DELINEATING METROPOLITAN AREAS USING LAND PRICES*

Authors


  • *

    The author would like to thank Frank Bickenbach, Bernard Fingleton, Gilles Duranton, Wilfried Koch, Reinhold Kosfeld, Paul Kramer, Tomoya Mori, Se-il Mun, two anonymous referees, and the participants of the conference on Empirical Methods for the Study of Economic Agglomerations, Kyoto, for helpful discussions and suggestions, Carmen Andersson and Andrea Schäfer for research assistance, and the European Commission financial support.

Abstract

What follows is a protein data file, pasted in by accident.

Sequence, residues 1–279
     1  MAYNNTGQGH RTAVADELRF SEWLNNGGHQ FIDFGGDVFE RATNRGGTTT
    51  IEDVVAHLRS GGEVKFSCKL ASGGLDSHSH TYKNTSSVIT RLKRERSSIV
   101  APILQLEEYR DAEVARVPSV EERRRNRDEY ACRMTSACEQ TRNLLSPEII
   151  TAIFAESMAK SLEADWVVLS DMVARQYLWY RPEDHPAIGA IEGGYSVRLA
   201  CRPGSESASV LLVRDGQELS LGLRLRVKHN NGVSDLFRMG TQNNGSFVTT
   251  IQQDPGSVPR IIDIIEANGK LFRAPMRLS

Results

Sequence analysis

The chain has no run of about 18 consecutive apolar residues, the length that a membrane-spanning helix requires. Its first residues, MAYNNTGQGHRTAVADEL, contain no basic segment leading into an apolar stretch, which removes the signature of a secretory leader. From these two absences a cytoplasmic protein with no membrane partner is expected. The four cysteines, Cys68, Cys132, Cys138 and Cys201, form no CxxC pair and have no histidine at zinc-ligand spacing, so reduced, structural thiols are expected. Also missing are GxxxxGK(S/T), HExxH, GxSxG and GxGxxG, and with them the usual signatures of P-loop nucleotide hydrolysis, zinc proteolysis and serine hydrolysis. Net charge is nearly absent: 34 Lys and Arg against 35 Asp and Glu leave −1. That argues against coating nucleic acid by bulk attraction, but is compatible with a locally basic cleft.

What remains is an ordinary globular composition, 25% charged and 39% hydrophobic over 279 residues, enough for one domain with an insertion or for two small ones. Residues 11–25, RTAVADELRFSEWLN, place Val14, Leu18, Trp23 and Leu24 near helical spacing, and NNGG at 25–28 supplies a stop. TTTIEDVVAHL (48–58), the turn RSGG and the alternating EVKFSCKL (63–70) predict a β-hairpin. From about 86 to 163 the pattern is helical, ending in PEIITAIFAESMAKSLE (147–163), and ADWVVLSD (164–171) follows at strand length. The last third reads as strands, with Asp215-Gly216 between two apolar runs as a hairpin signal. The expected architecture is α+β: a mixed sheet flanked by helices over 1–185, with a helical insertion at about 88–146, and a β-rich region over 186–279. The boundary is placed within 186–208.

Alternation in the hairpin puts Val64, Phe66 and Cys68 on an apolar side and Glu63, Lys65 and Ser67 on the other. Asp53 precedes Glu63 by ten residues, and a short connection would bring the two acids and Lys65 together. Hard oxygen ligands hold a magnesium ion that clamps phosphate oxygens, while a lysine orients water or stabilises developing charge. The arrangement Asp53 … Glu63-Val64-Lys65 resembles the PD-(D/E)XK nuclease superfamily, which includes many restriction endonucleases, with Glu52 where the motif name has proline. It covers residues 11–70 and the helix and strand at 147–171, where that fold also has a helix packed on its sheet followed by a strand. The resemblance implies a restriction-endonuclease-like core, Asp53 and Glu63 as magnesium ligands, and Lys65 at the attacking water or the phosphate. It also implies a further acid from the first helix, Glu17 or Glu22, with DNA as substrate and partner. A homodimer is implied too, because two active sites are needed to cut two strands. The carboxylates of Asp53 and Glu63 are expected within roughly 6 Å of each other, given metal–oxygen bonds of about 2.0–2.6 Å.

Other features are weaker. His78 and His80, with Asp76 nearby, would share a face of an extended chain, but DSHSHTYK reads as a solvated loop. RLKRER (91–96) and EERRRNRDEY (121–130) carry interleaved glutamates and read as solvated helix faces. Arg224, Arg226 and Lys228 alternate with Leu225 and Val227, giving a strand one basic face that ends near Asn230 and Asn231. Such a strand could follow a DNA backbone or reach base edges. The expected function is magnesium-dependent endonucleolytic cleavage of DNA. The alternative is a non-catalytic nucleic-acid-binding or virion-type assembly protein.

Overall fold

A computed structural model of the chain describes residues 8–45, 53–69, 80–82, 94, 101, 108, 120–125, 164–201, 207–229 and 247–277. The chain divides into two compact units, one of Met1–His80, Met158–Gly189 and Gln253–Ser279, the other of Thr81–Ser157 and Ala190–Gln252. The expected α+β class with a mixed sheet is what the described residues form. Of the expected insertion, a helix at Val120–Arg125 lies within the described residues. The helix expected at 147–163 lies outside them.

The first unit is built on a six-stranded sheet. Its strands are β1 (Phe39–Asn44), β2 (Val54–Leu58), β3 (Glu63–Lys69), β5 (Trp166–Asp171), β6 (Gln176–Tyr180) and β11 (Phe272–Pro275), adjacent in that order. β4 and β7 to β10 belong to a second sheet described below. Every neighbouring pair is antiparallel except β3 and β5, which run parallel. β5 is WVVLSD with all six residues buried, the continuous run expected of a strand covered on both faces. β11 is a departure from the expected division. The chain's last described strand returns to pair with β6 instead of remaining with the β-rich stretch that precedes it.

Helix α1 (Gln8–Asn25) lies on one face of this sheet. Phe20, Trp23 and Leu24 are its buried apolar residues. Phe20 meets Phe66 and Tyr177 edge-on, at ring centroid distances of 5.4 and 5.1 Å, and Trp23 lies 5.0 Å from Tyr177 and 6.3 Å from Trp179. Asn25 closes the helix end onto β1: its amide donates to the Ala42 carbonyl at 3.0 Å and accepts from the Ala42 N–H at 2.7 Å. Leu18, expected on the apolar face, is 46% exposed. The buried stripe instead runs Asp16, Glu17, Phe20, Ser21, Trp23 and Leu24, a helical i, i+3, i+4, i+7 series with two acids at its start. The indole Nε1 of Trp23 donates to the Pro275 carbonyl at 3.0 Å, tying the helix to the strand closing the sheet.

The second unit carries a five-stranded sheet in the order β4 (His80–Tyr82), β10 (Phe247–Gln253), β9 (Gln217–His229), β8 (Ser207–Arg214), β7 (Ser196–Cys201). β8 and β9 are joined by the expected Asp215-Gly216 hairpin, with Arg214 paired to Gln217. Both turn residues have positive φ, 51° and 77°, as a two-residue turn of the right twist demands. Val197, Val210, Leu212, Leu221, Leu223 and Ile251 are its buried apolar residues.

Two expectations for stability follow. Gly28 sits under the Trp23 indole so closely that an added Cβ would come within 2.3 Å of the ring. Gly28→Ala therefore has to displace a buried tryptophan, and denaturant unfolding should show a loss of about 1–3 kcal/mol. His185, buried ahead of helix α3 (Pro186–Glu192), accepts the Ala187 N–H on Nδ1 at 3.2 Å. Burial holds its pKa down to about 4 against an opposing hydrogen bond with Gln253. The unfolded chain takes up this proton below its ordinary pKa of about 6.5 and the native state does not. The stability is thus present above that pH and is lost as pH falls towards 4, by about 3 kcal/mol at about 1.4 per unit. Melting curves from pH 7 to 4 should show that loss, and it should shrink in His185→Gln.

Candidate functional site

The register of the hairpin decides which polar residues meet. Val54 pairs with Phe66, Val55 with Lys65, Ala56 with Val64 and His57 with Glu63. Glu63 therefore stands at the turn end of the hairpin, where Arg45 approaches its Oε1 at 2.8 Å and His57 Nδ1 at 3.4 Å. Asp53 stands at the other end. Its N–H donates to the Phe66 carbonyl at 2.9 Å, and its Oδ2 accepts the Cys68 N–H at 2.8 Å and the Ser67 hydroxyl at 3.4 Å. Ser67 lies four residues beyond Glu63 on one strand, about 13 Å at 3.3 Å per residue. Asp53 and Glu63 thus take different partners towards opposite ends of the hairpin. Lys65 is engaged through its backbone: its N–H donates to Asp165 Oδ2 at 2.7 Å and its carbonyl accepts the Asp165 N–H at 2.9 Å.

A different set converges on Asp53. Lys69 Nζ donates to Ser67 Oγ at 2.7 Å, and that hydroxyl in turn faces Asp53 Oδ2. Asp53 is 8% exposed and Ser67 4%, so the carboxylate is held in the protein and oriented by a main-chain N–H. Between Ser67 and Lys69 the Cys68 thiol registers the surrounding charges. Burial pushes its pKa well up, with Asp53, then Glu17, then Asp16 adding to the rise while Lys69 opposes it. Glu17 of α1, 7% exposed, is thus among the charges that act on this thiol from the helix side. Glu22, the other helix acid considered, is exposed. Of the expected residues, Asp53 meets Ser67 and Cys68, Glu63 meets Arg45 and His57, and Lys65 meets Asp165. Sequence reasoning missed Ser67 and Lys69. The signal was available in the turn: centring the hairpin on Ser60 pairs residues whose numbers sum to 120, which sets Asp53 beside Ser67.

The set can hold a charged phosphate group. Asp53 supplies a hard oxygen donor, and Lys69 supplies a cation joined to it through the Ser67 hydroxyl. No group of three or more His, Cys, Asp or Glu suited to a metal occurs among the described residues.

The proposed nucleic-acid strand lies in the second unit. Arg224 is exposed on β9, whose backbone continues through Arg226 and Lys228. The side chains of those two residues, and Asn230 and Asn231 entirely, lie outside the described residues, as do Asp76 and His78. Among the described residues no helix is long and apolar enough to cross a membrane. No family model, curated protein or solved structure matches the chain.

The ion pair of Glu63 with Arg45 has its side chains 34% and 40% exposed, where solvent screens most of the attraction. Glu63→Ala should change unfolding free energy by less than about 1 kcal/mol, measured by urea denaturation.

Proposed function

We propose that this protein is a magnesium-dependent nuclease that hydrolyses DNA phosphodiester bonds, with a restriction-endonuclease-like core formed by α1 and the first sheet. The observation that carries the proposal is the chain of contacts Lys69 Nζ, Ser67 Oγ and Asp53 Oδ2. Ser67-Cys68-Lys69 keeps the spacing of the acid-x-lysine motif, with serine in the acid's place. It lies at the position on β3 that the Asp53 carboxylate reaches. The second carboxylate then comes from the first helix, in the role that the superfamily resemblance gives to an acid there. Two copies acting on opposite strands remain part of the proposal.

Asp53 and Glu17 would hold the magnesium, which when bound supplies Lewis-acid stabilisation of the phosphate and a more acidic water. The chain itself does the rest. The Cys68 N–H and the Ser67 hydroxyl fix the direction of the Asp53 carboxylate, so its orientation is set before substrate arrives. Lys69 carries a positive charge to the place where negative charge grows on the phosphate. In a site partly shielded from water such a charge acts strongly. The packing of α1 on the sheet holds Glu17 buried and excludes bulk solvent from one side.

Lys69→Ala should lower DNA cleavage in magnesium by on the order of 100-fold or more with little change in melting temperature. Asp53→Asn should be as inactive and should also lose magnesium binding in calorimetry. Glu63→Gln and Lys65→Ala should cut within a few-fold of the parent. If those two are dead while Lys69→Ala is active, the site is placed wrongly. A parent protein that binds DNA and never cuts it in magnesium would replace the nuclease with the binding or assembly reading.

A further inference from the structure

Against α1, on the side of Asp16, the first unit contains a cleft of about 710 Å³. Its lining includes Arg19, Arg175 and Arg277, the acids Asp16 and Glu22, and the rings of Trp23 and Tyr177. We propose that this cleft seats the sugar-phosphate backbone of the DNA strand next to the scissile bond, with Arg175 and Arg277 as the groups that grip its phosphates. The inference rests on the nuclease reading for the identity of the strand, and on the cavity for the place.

ABSTRACT This paper proposes an approach to delineating metropolitan areas that is more general than the standard approaches in three respects: First, it uses the fraction of land prices attributable to economies of urban agglomeration instead of using commuting intensities as an indicator of economic integration between metropolitan centers and their hinterlands. Second, it identifies metropolitan centers endogenously instead of determining them exogenously. And third, it takes metropolitan subcenters explicitly into account. An empirical illustration is used to show that the approach tends to delineate fewer but larger metropolitan areas in densely populated regions, and smaller metropolitan areas in sparsely populated regions.

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